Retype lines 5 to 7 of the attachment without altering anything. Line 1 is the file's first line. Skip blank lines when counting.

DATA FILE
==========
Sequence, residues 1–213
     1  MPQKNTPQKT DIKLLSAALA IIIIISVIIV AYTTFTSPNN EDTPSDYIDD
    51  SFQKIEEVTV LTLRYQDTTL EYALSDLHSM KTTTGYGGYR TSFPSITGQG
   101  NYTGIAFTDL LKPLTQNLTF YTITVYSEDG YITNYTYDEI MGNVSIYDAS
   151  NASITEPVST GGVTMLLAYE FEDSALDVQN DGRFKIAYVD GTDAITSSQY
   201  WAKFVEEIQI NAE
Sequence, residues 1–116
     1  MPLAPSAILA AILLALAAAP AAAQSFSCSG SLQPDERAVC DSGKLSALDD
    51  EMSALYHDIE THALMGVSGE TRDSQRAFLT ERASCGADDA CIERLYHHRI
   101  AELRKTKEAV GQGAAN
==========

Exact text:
   151  NASITEPVST GGVTMLLAYE FEDSALDVQN DGRFKIAYVD GTDAITSSQY
   201  WAKFVEEIQI NAE
Sequence, residues 1–116